The key points accepted and approved by the MED for access to a 600 metre band are:
* NZ radio amateurs are allowed access to transmit only between 505 - 510 kHz * Access will be on a temporary and "non interference basis" (NIB), until further notice
* Notes 2 and 4 to the Allocation Table of our General User Radio Licence apply
* Only "narrow band" modes will be used - CW (Morse code A1A) or other modes with less than 1 kHz bandwidth.
No e.i.r.p. limits on radiated power are set. It is accepted that the amateur radio power limit shown in paragraph (5) of the GURL is sufficient and understandable. In practice it is difficult enough to get energy radiated at 500 kHz with the short, loaded antennas that will typically be used. Measuring e.i.r.p. is difficult. It is not expected that large numbers of amateurs will use the 600 meter band due to the difficulty of radiating a sufficient signal - it will become a specialised but important part of our activities.
4. "Non Interference Basis" (NIB) Access
The first and most specific objective is to ensure that we can operate without causing any interference to existing services.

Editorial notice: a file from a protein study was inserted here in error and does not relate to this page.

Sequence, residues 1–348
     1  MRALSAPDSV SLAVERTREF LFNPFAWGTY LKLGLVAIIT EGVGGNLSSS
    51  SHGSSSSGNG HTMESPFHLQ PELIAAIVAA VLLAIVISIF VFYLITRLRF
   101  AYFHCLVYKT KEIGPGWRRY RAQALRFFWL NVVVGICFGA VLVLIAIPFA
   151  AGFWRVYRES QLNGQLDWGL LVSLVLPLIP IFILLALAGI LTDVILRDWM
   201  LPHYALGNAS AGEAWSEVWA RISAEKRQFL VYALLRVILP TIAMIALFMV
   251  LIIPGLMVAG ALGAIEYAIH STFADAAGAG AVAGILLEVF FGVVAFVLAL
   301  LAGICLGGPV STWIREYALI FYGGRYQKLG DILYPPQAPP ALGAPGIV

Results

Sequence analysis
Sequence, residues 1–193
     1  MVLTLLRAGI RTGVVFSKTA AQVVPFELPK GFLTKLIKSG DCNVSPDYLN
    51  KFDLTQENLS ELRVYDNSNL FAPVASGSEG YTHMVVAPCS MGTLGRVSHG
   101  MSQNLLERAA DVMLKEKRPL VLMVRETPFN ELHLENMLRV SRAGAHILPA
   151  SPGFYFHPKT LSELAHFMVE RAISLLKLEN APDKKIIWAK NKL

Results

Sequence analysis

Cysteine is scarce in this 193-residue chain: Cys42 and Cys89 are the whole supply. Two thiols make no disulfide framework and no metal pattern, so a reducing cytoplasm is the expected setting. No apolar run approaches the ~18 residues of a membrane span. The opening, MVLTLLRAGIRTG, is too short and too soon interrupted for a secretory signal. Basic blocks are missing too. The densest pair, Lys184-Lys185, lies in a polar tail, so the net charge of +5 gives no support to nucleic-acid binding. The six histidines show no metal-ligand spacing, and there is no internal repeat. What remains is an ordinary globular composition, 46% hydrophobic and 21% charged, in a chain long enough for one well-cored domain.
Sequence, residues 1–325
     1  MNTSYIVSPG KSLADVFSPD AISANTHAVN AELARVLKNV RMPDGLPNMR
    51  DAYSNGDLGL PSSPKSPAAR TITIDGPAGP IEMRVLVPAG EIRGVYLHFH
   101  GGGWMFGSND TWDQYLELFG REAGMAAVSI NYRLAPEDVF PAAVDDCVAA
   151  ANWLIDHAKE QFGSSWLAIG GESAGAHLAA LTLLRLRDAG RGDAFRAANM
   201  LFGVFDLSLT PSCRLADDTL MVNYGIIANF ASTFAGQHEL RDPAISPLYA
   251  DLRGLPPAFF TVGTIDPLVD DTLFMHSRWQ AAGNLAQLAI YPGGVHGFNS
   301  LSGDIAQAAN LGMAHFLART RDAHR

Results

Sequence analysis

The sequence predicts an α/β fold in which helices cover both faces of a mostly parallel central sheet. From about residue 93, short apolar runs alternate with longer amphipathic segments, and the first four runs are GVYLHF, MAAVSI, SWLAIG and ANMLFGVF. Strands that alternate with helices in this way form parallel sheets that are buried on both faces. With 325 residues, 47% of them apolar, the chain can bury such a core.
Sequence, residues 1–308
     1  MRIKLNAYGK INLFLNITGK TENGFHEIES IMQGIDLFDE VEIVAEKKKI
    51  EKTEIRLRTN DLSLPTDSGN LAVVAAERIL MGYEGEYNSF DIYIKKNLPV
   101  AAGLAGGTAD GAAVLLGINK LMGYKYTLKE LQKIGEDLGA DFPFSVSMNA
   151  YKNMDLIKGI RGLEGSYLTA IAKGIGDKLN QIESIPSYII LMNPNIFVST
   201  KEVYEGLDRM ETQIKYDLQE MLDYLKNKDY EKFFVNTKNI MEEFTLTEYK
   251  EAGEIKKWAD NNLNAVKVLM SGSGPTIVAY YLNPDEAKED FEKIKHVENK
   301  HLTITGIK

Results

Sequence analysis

A major condition of access is that operation by radio amateurs in this band is on a strict NONINTERFERENCE basis to any non-amateur user. This means that if the band is busy with other traffic, or if a non-amateur station suddenly appears, ALL AMATEUR TRAFFIC MUST CEASE. Failure to observe this requirement will jeopardise the access arrangement. This interim access between 505 - 510 kHz is NOT an amateur band.
Other users in adjacent sub-bands are known to be the NAVTEX service (on 490 kHz and 518 kHz), some Non-directional beacons (NDBs) and Differential GPS (DPGS) systems. There are still prohibitions on operating in the 495 - 505 kHz range.
5. Short Term Goals